Although Delmore Schwartz added a disclaimer that “the characters in this story are not to be identified with actual persons,” and that it is “a work of fiction in the fullest sense of the word,” readers will see possible parallels between the musician-listener (Belmont) and any poet-creator, especially in the concluding reflections concerning Belmont’s sense of differentness, society’s lack of appreciation, and its failure to acknowledge the importance of art.
Even if readers honor the disclaimer, they will still notice the juxtapositions of the personal and the social. Schwartz sets his story during the first part of the twentieth century, ending with the Depression, and fills it with details about the aspirations of a typical immigrant family. Himself a third-generation American, Belmont Weiss learns not only about the changes that affected the Baumanns but also about those that have shaped his own life. As he hears more and more about the Baumanns, he acquires a growing understanding of his own life until finally he is overcome by a “profound uneasiness” and realizes that the contempt that he had directed toward the Baumann way of life is in reality self-contempt.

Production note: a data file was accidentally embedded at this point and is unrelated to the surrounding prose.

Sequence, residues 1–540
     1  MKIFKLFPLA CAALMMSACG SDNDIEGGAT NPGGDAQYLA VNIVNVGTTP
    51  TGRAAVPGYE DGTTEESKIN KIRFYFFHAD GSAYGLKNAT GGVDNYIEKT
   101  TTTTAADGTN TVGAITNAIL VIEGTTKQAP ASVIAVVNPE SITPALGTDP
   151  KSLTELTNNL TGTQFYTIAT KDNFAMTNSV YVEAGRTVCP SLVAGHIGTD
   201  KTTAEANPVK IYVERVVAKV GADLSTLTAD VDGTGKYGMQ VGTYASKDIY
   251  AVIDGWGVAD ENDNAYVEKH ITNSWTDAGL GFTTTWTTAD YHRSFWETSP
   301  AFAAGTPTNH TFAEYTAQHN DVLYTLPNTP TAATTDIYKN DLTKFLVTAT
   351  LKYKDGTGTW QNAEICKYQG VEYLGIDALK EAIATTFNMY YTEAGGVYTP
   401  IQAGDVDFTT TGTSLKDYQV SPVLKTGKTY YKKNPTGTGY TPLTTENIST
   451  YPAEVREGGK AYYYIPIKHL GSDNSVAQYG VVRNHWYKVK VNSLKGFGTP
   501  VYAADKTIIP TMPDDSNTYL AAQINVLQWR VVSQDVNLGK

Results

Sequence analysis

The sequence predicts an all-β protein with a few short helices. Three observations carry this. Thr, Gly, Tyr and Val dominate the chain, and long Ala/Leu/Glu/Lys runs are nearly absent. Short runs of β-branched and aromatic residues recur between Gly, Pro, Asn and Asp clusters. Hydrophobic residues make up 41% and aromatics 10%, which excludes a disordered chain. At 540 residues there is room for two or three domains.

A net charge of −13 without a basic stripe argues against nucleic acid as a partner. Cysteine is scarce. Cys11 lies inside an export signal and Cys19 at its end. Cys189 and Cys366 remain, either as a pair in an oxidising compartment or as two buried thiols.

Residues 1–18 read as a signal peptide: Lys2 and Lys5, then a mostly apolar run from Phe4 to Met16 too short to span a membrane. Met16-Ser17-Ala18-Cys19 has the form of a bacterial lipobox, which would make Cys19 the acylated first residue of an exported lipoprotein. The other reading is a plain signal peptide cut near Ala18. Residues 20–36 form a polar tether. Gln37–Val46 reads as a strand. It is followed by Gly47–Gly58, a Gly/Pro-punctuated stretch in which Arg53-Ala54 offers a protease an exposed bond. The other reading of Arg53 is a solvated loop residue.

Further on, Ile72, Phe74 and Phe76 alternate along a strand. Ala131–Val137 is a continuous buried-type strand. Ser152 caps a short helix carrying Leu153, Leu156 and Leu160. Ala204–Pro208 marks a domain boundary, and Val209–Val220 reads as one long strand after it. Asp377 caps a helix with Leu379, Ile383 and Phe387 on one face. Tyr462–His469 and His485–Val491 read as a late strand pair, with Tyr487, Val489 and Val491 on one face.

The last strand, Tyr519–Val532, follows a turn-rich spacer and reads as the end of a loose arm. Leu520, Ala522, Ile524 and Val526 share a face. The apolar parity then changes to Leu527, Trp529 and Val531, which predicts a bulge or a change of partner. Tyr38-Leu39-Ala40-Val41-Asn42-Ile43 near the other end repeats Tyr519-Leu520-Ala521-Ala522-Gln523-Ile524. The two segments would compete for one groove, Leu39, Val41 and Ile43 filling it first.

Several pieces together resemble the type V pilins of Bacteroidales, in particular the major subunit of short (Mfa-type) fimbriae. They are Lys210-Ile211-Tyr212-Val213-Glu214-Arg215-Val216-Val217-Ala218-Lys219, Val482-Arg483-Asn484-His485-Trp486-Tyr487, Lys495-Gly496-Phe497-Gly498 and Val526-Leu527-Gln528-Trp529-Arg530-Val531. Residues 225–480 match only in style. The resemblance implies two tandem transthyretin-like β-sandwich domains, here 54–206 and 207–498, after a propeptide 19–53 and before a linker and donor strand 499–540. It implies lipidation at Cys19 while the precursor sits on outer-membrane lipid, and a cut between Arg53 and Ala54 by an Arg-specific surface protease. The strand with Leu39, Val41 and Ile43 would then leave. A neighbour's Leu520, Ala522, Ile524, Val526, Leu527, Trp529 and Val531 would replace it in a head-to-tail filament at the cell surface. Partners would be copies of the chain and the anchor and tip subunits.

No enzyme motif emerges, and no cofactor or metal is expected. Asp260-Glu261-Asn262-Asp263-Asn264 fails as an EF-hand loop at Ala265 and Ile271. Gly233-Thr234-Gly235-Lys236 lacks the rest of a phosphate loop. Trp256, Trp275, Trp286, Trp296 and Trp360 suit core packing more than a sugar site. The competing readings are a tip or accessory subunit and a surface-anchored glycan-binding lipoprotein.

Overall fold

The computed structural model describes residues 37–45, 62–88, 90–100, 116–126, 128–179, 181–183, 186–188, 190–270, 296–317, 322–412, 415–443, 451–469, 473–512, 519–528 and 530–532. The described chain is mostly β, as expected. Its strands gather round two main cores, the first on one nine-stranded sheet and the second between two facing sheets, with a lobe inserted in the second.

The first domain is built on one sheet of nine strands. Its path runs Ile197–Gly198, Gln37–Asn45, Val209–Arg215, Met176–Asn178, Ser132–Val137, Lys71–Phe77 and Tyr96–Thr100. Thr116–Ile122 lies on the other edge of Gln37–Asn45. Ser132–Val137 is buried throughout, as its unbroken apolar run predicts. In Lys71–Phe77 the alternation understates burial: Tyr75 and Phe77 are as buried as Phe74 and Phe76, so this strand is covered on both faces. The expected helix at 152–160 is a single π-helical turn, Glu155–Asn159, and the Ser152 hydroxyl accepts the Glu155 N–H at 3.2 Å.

Belmont finds it difficult to put himself in the place of his forebears. Gradually, however, he begins to see a pattern in the experience of the immigrants and their children—a pattern that is evident not only in the failure of the younger Baumanns but also in...
(The entire section is 413 words.)